Gemma had a hard time hearing Louis over the car speaker. The wind outside seemed to be picking up to an alarming degree. A large branch flew in front of her windshield, startling her enough that she gripped the wheel.
"Gemma? What do you think?" Louis asked now. "Do you want me to fly down? I can hop on a jet and be by your side so you don't have to face her by yourself."
Gemma was tempted enough by the offer that she hesitated before answering him. She had to do this on her own. "It's okay. I think she'll handle it better if I'm alone when I tell her."
She heard him exhale a deep breath. "You certainly have a point there. I know I'm not her favorite person at the moment."
He wasn't. That was no fault of his own. Ma was just stubborn and unreasonable about her new son-in-law. She couldn't see what a catch Louis would be considered by most other parents. She only saw the distraction he caused Gemma when it came to pursuing her ambitions as a musician.
Only, over the years, they'd gradually become less Gemma's dreams and more her mother's.
"Don't worry. I can handle my mom alone," she reassured him. "I learned at a young age." She'd had to as an only child. While her father had the distraction of his many businesses, Gemma had been Ma's primary focus. In many ways, she still was.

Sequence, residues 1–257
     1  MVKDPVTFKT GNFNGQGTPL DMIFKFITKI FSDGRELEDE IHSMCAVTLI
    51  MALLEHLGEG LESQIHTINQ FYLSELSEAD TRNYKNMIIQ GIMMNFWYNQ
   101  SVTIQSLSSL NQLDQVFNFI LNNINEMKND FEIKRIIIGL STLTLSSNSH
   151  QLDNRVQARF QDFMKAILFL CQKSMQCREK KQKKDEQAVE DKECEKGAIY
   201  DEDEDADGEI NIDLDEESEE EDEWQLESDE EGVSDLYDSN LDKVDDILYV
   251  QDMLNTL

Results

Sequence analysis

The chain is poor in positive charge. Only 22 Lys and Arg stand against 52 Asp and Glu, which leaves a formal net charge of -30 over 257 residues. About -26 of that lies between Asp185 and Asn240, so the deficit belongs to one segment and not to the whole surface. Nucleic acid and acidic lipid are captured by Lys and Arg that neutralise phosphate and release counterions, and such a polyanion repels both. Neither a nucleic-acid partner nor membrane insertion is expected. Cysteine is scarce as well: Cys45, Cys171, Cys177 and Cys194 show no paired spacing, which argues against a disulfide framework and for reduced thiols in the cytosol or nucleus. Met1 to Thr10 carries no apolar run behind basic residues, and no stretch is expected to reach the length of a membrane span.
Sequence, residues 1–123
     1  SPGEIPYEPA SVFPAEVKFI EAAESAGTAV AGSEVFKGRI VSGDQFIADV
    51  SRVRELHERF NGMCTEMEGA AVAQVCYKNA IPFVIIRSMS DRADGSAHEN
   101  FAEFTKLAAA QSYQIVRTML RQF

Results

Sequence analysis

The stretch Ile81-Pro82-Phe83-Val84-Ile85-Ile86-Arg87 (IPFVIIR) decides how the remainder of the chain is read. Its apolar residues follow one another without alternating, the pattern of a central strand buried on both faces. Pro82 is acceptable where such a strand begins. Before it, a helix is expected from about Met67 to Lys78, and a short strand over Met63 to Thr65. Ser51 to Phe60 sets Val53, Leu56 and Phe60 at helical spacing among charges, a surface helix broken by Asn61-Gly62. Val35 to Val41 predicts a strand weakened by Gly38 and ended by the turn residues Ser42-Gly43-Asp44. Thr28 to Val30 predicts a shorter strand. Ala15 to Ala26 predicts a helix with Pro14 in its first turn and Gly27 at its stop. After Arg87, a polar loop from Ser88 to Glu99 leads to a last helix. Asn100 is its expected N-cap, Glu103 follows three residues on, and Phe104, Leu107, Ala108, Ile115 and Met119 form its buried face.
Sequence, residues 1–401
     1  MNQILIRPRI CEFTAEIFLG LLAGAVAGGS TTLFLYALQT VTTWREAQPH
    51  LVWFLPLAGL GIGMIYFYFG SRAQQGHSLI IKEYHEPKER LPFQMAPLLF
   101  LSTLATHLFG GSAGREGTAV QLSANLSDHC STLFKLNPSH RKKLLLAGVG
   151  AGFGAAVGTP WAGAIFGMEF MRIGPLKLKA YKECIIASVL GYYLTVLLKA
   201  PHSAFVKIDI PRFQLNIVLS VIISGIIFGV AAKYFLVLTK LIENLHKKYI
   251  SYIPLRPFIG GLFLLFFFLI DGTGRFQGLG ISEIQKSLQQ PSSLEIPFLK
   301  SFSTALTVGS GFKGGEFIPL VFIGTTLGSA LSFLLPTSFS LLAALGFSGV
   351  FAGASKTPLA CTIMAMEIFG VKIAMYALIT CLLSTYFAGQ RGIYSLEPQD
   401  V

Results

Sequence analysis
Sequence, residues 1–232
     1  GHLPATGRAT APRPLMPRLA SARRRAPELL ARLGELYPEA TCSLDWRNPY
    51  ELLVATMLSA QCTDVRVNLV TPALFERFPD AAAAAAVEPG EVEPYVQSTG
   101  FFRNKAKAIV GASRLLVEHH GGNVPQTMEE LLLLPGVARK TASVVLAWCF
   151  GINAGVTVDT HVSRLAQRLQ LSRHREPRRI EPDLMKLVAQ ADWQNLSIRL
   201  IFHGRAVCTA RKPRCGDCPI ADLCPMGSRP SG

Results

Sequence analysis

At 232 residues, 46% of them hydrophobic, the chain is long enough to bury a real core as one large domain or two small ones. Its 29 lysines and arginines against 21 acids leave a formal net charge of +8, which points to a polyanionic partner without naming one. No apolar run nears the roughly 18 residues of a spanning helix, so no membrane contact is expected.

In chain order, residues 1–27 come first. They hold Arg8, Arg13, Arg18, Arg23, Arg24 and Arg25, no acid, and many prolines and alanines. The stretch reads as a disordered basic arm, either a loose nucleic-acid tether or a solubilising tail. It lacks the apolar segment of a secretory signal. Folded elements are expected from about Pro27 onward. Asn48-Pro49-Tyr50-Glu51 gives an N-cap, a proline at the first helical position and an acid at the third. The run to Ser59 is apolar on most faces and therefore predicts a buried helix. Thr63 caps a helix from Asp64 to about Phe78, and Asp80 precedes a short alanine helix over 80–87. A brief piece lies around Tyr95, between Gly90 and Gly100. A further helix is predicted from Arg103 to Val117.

A gust of wind blew strong enough to shake the car and rattle her windows.
"What was that?" Louis asked, concern tingeing his voice.
"It's rather windy here," she answered. "I'd forgotten how temperamental New England weather could be."
"Maybe you shouldn't be driving in that, Gemma."
She was touched by the level of worry in his tone. This was a new experience. Of course, she'd dated through college and in her early adult years, but the violin had taken up all her time and most of her focus. None of those dates had led to anything serious. Having a man concerned about her well-being was an alien but pleasing feeling.
"It is getting rather treacherous with all the debris flying about…"
She could tell he was on edge. "If it will make you feel better, I'll pull off the road and find a place to stop until the wind dies down."
She heard his deep sigh of relief. "That would definitely make me feel better. Promise?"
Gemma hung up once they'd said their goodbyes and took the next exit off the expressway. If memory served, there was a strip mall with a charming café about three miles down the road.
A violently loud cracking sound suddenly tore through the car. Gemma could barely process what was happening as she saw the large trunk of a tree barreling toward her.
Then the world went blank.
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